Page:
I also used a silnylon pack cover from Sea to Summit to keep all the gear in the outside mesh pocket dry and prevent the pack itself from becoming saturated.
“Attached to the shoulder straps were two Backpack Shoulder Pouches from ZPacks. These proved extremely useful, allowing me to access items such as my phone and snacks without having to take my pack off.“
The Roll Top Blast Food Bag from ZPacks held my food. Its rectangular shape is designed to fit vertically inside smaller, ultralight packs. Its shape means it also has a larger opening than most stuff sacks, making is easier to organise your food and find what you’re looking for.
A silnylon stuff sack from Sea to Summit held my cooking gear and all the small stuff, keeping it organised and further protecting it from the elements.
“To waterproof the pack I used a trash compactor bag to line the inside of the pack.“
I used Altra Trail running shoes and Darn Tough socks on the trail. This combo let me hike long days with minimal foot pain and zero blisters the entire trail. I’m a big proponent of zero drop footwear and I’ve yet to find a shoe company that offers a better shoe than Altra.
Dirty Girl Gaiters stopped trail debris getting in my shoe. They’re a stretchy breathable gaiter that can attach to any running shoe.
For camp shoes I used a pair of Bedrock Sandals – they’re my favourite barefoot running sandal and made for great camp shoes. Unfortunately I lost one of the Bedrocks in a lake in Maine and had to switch to a pair of Crocs; they did their job well and are the camp shoe of choice for most thru-hikers.
“The Roll Top Blast Food Bag from ZPacks held my food. Its rectangular shape is designed to fit vertically inside smaller, ultralight packs.“
Cheap running shorts are all you really need for the AT. Many people preferred “short shorts” but I seemed to do well with any length.
I used an Icebreaker merino wool t-shirt for the first half of the trail. It wicked sweat well and didn’t stink after a few days like synthetic shirts would. I eventually switched to this sweet synthetic Captain America jersey when the Icebreaker gave out and it made it all the way to Katahdin.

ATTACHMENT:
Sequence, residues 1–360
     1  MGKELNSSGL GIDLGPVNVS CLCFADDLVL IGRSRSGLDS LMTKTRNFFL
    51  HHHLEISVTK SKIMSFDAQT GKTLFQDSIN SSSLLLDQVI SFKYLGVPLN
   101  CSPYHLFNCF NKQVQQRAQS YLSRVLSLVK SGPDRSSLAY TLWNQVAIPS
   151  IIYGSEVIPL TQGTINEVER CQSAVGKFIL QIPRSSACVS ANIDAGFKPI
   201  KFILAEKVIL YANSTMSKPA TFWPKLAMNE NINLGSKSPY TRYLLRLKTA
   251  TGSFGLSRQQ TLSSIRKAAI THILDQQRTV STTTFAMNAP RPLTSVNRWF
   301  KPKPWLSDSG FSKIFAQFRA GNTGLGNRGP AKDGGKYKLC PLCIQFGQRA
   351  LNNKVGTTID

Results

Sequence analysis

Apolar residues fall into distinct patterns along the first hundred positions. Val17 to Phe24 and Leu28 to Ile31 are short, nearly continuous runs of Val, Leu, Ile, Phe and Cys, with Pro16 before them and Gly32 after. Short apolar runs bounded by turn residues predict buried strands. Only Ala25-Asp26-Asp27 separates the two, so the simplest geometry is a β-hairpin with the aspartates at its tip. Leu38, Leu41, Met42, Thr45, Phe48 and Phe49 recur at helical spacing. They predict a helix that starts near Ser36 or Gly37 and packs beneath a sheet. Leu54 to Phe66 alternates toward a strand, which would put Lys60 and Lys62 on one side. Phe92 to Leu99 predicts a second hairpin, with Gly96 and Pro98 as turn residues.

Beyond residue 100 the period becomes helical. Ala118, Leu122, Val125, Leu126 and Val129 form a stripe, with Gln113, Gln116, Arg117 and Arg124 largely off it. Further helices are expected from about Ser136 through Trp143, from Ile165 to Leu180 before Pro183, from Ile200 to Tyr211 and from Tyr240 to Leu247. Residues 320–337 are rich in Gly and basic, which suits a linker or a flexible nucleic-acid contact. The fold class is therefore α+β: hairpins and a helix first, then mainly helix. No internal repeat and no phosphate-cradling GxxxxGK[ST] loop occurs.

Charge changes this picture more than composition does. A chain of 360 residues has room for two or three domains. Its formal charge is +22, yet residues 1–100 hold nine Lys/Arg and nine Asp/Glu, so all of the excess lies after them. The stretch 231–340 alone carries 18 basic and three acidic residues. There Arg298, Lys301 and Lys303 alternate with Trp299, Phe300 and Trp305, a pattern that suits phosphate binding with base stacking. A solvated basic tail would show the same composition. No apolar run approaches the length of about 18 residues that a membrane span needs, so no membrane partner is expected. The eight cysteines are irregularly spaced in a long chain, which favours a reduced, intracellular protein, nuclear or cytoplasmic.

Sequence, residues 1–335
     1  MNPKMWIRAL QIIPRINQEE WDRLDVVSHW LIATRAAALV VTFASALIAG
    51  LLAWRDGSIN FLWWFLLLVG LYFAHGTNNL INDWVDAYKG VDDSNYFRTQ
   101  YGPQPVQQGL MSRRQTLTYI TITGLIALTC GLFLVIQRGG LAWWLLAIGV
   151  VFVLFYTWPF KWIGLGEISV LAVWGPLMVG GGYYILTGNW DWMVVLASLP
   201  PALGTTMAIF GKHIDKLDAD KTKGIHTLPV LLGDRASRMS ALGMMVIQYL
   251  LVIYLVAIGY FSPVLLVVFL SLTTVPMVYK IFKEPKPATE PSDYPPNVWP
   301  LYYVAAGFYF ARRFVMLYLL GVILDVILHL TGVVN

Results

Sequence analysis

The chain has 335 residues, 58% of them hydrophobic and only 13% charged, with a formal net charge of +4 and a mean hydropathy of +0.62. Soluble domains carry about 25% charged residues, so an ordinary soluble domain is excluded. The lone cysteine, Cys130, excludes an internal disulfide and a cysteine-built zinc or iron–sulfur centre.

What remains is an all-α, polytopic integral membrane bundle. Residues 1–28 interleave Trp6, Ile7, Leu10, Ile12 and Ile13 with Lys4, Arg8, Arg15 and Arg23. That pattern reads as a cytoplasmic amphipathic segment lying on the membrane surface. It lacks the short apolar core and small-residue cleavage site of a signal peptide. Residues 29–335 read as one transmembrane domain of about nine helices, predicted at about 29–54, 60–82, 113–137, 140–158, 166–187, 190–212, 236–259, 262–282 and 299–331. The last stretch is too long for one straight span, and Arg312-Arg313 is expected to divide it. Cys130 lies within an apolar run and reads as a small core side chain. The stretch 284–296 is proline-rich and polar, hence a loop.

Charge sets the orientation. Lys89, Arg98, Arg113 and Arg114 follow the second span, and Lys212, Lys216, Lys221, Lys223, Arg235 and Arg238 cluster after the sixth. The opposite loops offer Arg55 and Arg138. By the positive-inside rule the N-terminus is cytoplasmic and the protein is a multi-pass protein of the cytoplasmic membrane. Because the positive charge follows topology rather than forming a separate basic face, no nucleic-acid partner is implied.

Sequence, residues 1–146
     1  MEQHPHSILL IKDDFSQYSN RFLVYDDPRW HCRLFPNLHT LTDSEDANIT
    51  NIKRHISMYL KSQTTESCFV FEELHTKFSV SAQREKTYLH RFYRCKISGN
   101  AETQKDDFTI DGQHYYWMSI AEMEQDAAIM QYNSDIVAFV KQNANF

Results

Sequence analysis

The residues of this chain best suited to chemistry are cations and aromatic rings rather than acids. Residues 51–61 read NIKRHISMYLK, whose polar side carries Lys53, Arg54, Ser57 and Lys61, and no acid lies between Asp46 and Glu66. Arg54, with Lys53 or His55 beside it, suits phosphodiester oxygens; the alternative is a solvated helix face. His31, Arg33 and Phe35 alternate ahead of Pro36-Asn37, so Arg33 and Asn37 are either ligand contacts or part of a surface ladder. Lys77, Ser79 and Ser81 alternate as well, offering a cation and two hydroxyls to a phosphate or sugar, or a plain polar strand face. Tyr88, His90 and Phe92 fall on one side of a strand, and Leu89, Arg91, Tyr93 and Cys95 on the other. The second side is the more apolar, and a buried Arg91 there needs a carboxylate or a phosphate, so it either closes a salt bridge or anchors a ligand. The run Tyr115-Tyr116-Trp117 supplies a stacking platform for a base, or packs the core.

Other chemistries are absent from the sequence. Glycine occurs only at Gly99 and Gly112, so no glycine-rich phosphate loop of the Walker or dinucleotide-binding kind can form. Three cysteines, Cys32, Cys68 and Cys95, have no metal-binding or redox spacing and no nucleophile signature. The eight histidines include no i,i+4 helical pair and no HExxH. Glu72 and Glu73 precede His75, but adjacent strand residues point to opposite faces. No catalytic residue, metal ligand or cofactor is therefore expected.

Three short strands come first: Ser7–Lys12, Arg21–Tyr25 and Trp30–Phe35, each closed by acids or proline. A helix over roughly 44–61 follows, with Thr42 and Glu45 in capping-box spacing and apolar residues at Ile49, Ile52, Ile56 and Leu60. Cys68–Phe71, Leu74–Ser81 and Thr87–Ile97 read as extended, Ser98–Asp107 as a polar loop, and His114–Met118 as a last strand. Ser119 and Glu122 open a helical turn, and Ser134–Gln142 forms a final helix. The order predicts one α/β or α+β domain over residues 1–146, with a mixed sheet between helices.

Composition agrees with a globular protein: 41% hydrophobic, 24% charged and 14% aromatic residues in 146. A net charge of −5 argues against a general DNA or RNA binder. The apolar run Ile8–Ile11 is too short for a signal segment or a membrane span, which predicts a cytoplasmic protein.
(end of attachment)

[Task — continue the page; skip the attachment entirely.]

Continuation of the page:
A baseball cap from Headsweats in conjunction with a wool Buff and a pack towel helped manage perspiration. It was nice to have a peaked cap to keep the sun out of my eyes; I didn’t feel the need to have sunglasses out on the trail though.
If the rain got bad or the temperatures dropped I threw on my Marmot Gore-Tex rain jacket. I’m not a big fan of Gore-Tex but it did its job well enough.
Thin fleece gloves from RAB kept my hands warm and Gore-Tex rain mitts from Extremities kept the fleece gloves from getting soaked.
My main insulating layer was the Rab Xenon X Hoodie. This synthetic puffy never failed to keep me warm and was one of my favorite pieces of gear.
I carried a SmartWool long underwear top and bottom during the colder months for sleeping in with a pair of sleeping socks and a fleece beanie.
Compression socks helped calf/foot fatigue and were a “luxury” item worth carrying.
“My main insulating layer was the Rab Xenon X Hoodie. This synthetic puffy never failed to keep me warm and was one of my favorite pieces of gear.”
My Exped SynMat UL 7 and Air Pillow meant sleeping on uneven surfaces was a non-issue. I prefer rectangular sleeping pads that let me stretch out. Once you’ve used a proper inflatable pillow you’ll never switch back to a rolled-up jacket.
My biggest gear purchase was my Enlightened Equipment Revelation X Quilt. It’s rated down to twenty degrees and paired with all my clothes kept me warm on the coldest of nights. It has no hood and a “backless” design to save on weight. The Revelation packs down extremely small and weighs 1.3 lbs. It wasn’t cheap but I feel it was a wise investment.
“Compression socks helped calf/foot fatigue and were a “luxury” item worth carrying.“
I think it’s vital to bring your own tent or tarp on a thru-hike of the AT. I chose to go really minimal and used a Wild Oasis Tarp by Six Moon Designs. The single walled, floorless design won’t be for everyone but it was really lightweight and disappeared into the side pocket of my backpack. I carried a piece of Tyvek as a groundsheet and seven stakes; the tent uses a single trekking pole in the center.
If I were to do it over again I’d probably look at a similar style tent but something that had a bathtub floor.
“I chose to go really minimal and used a Wild Oasis Tarp by Six Moon Designs. The single walled, floorless design won’t be for everyone but it was really lightweight and disappeared into the side pocket of my backpack.”
Cook Kit & Water
I used my old faithful PocketRocket stove from MSR. I’ve had it for years and it’s never let me down. I found a thin stainless steel pot for five euros and couldn’t justify spending the money on a titanium pot to save just a few grams. A long-handled titanium spoon, pot grabber and a pot cozy for freezer bag cooking rounded out the cook kit.
“I used my old faithful PocketRocket stove from MSR. I’ve had it for years and it’s never let me down.”